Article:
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dc.contributor.advisorTan, Felix
dc.contributor.advisorMills, Annette
dc.contributor.advisorWang, William
dc.contributor.authorTran, Phuong
dc.date.accessioned2017-06-05T21:18:20Z
dc.date.available2017-06-05T21:18:20Z
dc.date.copyright2016
dc.date.created2017
dc.identifier.urihttp://hdl.handle.net/10292/10515
dc.description.abstractGovernments have been investing billions of dollars in both developing and maintaining e-Government systems. The success of these systems depends on the level of citizens’ use of these systems. However, citizens’ use of e-Government has not reached expectations. According to United Nations’ reports on e-Government throughout the world, citizens often use e-Government at lower levels (e.g. searching for information) rather than higher levels of citizens’ use (e.g. active participation). To ensure the success of the e-Government systems it is important to improve the level of use. Academia has, therefore, been investigating the reasons that affect citizens’ usage of e-Government systems. Apart from the traditional factors such as usefulness and ease of use, information transparency has been shown to have a positive influence on individuals’ beliefs and behaviour in the literature of marketing, management, and adoption of IT/IS. In the government context, information transparency has also been shown to be important to citizens’ beliefs and behaviour in relation to higher use (e.g. participation in policy and decision-making process). For these reasons, information transparency is particularly relevant for encouraging higher levels of e-Government use, such as participation in the policy and decision-making process. The term ‘information transparency’ as used in the context of this study refers to the government making information about data, process and policy both open and visible, and disclosing that to its citizens. There are three aspects to information transparency: data transparency, process transparency and policy transparency. Data transparency refers to the data and figures of government; process transparency refers to steps in the processes, and policy transparency refers to the rationale for making final decisions and policies. Citizens have high expectations for information transparency from government and how transparent this information is perceived to be can affect the use of e-Government. To date, the literature has yet to highlight the factors that impact on information transparency in a computer-mediated environment, and to what extent the perception of information transparency impacts and facilitates citizens’ intention to use e-Government. To bridge these gaps in the literature, this study integrates DeLone and McLean’s Information System Success Model with the fundamental concepts of information transparency, to investigate the antecedents of information transparency and its effect on levels of citizens’ intention to use e-Government. E-Government uses in this study include three levels: passive use which includes searching for general information and search for policy and decision information; active use which includes communication and transactions; and participatory use which includes consultation and active participation in the policy and decision-making process. In order to test the research model, a survey was conducted with New Zealand citizens who have used e-Government. A total of 234 usable responses were collected. SmartPLS was used to examine the data and test the research model and hypotheses. The results identified that information quality and service quality positively enhance information transparency but that system quality was not significant. These three antecedents together explained 0.498 of the variance observed in information transparency. On the other hand, information quality, system quality and service quality all have a significant impact on satisfaction. They explained 0.543 of the variance observed in satisfaction. The results also demonstrate that information transparency plays a significant role in determining participatory use intention but is not significant for lower level use intentions toward e-Government use (i.e. active and passive use). Satisfaction has a significant impact on both active use and participatory use intentions. These results have significant theoretical and practical implications. In terms of theoretical contributions, this study provides a conceptual model of the role of information transparency in citizens’ intention to use e-Government. As this study is the first to provide empirical evidence on predictors of information transparency in a computer-mediated environment, the results provide an understanding of transparency that can then be applied in interdisciplinary literature. The study also contributes to the information system post-adoption literature and, specifically, e-Government post-adoption literature. To encourage citizens’ higher levels of e-Government use, the results identify satisfaction and information transparency as particularly important. In order to improve further citizens’ perceptions of transparency and hence their uses, governments should focus not only on publishing information (e.g. disclosing the facts and figures of government, and information about its operations and decision-making) but also on improving the quality of the information provided and the services that support the e-Government. By doing this, the government will be able to encourage the citizens’ use of e-Government services that are offered, and ensure the success of such systems.en_NZ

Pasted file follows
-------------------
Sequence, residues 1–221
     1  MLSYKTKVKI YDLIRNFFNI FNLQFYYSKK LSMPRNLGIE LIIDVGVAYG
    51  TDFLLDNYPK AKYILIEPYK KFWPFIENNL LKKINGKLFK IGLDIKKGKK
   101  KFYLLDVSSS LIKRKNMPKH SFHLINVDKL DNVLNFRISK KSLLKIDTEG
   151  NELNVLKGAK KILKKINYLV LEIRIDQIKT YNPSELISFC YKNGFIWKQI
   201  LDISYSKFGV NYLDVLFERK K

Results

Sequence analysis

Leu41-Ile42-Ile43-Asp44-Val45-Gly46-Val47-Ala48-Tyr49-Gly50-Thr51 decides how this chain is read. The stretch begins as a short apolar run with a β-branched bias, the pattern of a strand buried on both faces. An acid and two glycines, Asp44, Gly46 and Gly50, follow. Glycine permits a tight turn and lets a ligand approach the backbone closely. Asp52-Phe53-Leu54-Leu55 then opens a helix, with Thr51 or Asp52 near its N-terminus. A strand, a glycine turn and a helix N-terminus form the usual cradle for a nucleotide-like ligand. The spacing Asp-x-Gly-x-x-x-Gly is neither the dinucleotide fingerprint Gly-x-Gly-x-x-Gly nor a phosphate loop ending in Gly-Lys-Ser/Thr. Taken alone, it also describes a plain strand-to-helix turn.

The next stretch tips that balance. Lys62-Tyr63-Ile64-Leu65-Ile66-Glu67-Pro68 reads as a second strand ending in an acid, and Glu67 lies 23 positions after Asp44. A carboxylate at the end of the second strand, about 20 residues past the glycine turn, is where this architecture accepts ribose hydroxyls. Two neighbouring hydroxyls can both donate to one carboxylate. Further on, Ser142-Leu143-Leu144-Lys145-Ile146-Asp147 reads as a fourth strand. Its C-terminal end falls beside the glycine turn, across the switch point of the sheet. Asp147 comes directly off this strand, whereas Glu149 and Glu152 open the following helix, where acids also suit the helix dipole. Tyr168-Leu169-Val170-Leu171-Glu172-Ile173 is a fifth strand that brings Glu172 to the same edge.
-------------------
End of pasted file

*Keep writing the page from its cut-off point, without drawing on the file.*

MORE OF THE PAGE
dc.language.isoenen_NZ
dc.publisherAuckland University of Technology
dc.subjectInformation transparencyen_NZ
dc.subjecte-Governmenten_NZ
dc.subjectDeLone and McLeanen_NZ
dc.subjectLevel of useen_NZ
dc.subjectInformation qualityen_NZ
dc.subjectSystem qualityen_NZ
dc.subjectService qualityen_NZ
dc.subjectSatisfactionen_NZ
dc.subjectCitizensen_NZ
dc.titleThe Role of Information Transparency in Citizens’ Intention to Use e-Governmenten_NZ
dc.typeThesis
thesis.degree.grantorAuckland University of Technology
thesis.degree.levelDoctoral Theses
thesis.degree.nameDoctor of Philosophyen_NZ
dc.rights.accessrightsOpenAccess
dc.date.updated2017-06-03T07:00:35Z